So in our next installment in Viking boatbuilding we take the planks that were previously cleft, rough hewn and planed and trial fit them to the boat. Each and every board is different and is an exact replica of a particular board on the original ship. This is the office with the masterplan and to the left you can see scaled versions of each plank.
are then turned into full scale plans which are taken out to the rough
planks, drawn around and the profile cut out. This is Jan finishing a
plank before trial fitting for the first time. Most planks have raised
sections which will be used later for lashing the ribs to.
Next we take these simple but very effective clamps
along the plank I bend it to shape whilst Jan applies the powerful
clamps, once the base of the board is clamped tightly we can twist the
outside edge to check it will take the correct shape. It is not so much a
bend as a twist in each board that gives the boat it's shape. You can
see here the clamp with the rope is pulling the bow end inwards and the
stern end is pulled outwards and downwards giving about 15 degrees of twist on this board, it will get a little more later.
we were happy with the trial fitting and had done any final rough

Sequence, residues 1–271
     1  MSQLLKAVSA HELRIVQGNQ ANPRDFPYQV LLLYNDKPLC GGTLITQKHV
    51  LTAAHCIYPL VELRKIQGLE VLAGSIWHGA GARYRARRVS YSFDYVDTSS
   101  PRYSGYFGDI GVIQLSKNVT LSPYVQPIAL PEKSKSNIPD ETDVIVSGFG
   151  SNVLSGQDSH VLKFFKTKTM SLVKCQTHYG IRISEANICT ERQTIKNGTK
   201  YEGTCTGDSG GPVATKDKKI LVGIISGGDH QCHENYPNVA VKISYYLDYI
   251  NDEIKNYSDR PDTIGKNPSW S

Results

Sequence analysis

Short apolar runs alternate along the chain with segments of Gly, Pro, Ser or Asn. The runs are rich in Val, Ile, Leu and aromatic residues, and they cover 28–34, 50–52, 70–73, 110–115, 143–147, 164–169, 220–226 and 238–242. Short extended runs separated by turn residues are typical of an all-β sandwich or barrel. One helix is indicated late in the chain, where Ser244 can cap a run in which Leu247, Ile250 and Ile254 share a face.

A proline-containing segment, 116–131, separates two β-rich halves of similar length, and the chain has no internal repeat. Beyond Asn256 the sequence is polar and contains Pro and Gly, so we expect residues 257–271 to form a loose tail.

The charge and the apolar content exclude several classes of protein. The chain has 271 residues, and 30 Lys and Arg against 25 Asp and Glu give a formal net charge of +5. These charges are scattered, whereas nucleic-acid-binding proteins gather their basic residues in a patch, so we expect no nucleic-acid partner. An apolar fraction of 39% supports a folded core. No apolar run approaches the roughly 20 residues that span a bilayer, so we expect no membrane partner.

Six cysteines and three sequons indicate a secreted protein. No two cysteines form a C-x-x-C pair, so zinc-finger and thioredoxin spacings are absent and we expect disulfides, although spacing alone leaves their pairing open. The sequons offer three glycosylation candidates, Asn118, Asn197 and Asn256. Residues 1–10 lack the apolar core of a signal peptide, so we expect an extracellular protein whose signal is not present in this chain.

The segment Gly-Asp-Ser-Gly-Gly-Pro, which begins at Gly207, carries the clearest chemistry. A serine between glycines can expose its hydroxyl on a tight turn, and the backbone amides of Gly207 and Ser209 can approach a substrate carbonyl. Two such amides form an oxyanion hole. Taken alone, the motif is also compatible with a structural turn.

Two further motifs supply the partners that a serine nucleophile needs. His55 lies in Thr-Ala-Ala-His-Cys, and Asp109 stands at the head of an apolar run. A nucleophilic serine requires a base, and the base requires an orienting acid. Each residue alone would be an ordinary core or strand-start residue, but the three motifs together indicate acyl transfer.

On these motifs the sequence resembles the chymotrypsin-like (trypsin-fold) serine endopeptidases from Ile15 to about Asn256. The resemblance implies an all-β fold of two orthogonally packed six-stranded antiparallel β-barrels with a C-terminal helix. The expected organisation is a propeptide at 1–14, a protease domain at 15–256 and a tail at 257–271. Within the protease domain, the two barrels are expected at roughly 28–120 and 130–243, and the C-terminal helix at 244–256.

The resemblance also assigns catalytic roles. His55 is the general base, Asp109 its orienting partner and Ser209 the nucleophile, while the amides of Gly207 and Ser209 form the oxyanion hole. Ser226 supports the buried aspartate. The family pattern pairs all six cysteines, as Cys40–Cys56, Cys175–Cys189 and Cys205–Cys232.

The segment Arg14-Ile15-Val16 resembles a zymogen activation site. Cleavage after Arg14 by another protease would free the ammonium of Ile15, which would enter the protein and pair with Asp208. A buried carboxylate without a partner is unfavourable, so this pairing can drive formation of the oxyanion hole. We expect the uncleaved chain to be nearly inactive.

shaping the board went into the steamer for 1 hour 20 minutes. When it
comes out you have about a minute during which it moves very easily and
then a couple of minutes for fine adjustment so everything has to be
planned and to hand and everything happens quickly.
the time the plank Jan and I had been working on was ready in the
steamer it was already dark, it starts going dark at 3.30pm we did have
big floodlights to work under sorry about dodgy pic quality.
the plank is in place and Jan is just tweaking the final line, you can
clearly see the twist with the two ends of the plank being maybe 20
degrees out of line. We took the top and bottom corners 10mm further
than they will end up expecting them to relax slightly when the pressure
is taken off.
the board stays in place overnight after which time it's shape is set,
it can be removed and very precise fitting work done, planing the joint
to that it fits without the slightest gap. Once that is done it's time
to rivet it in place, and that riveting, the whole essence of clinker
boat building, is the next post.